Course Number 1915
Professor David E. Bell
Spring, Q4, 1.5 credits
The course will provide a survey of the global food and agribusiness system. The primary focus is on understanding the business model and practices of farmers, processors and traders in traditional agriculture, both grain and protein. A few cases will explicitly consider the issues facing branded consumer goods manufacturers and food retailers. The case discussions will also reflect consumer trends, technological advances, public policy issues, food safety and risk management. An undercurrent in the course is the question of whether the food system is capable of feeding 9 billion people. The pervasiveness of food and agribusiness makes the course suitable for future consultants and investment bankers in addition to those who have a direct interest in the industry; it may also be of interest as a general management course due to its integrative, cross-functional approach and emphasis on strategy.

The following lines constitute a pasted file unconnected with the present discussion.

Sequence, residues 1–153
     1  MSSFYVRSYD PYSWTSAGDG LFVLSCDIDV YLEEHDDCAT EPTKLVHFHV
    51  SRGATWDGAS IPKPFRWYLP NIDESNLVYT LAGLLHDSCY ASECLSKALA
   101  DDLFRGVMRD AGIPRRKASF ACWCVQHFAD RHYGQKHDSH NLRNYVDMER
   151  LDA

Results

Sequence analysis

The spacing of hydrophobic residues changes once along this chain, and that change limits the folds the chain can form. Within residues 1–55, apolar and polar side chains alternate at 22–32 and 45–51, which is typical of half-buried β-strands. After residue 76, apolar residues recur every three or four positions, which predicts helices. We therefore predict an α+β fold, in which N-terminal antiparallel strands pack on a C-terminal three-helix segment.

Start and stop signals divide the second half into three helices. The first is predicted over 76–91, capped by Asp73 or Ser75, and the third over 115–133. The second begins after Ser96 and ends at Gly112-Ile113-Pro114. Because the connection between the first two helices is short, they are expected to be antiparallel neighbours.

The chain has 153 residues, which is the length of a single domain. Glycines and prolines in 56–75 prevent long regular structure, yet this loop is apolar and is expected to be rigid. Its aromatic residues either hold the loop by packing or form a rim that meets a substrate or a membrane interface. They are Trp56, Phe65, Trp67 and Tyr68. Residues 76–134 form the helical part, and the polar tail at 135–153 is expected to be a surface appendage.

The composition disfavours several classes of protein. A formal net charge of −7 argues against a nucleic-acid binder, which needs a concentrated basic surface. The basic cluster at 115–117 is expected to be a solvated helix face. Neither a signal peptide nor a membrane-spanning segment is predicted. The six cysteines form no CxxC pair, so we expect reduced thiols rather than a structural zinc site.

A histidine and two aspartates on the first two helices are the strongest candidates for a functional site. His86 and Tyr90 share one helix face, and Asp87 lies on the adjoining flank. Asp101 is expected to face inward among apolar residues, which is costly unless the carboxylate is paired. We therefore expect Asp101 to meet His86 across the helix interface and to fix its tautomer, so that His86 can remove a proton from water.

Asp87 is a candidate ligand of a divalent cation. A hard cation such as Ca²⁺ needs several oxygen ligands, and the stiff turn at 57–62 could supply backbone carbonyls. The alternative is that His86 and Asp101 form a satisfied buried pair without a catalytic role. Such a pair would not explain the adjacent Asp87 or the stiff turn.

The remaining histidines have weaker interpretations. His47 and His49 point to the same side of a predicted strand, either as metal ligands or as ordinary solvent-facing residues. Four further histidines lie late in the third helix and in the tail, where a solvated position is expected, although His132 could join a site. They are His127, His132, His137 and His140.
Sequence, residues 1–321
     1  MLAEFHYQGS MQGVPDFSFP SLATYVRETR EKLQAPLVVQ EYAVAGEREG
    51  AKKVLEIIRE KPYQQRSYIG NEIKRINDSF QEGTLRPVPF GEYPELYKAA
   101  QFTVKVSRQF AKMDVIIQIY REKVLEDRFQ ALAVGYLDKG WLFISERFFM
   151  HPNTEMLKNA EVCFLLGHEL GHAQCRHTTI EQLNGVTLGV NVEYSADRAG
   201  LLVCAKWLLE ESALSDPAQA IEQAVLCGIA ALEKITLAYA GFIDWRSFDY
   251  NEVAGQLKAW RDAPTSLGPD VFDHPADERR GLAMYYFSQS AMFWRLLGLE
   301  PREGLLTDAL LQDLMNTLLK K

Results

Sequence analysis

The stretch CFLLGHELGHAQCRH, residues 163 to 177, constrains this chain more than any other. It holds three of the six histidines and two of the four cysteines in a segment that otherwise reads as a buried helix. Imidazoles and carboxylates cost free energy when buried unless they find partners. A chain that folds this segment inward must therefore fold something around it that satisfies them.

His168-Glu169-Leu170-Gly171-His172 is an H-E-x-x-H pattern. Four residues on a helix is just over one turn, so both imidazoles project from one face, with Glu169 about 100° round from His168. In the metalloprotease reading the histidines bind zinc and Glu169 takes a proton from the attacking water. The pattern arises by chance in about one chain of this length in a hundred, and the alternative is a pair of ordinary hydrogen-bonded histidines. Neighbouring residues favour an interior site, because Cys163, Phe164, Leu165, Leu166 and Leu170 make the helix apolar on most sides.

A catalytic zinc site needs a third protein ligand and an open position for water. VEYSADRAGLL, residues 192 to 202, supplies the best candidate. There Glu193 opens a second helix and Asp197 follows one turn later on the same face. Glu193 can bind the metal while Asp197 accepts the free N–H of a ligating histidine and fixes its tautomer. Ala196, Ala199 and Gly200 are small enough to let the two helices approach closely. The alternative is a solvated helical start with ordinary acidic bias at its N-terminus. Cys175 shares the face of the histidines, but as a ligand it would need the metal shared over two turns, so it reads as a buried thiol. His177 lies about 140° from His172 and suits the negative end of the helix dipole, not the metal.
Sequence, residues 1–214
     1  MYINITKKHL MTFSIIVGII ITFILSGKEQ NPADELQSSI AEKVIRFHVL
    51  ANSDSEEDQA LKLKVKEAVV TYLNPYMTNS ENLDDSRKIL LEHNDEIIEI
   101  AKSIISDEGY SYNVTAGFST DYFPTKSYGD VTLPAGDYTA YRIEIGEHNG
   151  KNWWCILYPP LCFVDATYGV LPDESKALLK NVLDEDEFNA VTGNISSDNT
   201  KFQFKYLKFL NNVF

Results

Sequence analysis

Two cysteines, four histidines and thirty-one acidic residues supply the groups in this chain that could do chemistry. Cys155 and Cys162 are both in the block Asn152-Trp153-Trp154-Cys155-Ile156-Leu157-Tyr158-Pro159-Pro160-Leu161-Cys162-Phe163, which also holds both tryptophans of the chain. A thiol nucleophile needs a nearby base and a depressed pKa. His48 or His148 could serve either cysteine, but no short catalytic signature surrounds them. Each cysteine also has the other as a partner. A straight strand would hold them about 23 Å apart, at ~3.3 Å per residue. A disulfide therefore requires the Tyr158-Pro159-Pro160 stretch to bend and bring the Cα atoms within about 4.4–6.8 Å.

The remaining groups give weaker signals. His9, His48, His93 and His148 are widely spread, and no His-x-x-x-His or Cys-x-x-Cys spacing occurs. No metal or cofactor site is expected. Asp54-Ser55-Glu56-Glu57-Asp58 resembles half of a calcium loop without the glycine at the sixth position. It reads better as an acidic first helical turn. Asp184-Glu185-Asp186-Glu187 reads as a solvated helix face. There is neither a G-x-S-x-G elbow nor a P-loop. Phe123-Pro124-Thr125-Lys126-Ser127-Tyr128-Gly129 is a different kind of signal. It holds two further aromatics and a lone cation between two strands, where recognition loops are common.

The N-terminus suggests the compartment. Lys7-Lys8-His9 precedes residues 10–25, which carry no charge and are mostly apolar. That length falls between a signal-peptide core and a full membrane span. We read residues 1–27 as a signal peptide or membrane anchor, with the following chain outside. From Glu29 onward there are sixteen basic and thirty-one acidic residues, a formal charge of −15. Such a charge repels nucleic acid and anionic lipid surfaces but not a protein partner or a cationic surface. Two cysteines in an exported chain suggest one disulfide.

Crop Production: We consider the typical challenges faced by farmers and processors involved with grains, fruits and vegetables. We look at where the margins are and the challenges of distribution. Cases last year were Vegpro (Kenya), Zespri (New Zealand), Simplot (US) and Climate Corporation (US).
Protein: Similarly we consider the structure of beef, chicken and fish (aquaculture) producers, and opportunity for improvement. Cases were Friona (US), BRF (Brazil) and Marine Harvest (Norway).
Trading: Countries, by and large, aspire to self-sufficiency. But the reality is that supply and demand are not perfectly aligned. We examine the business (and lifecycle) of trading with cases on Olam (Singapore), Louis Dreyfus (France), Cofco (China) and Continental Grain (US).
The Consumer: The course ends with a module that explicitly considers how consumer needs and habits play into the food system, both good and bad. Cases include Dominos (US) and Nestle (Switzerland). The course ends with a class on nutrition.
The course is offered on a 14 session plus exam basis.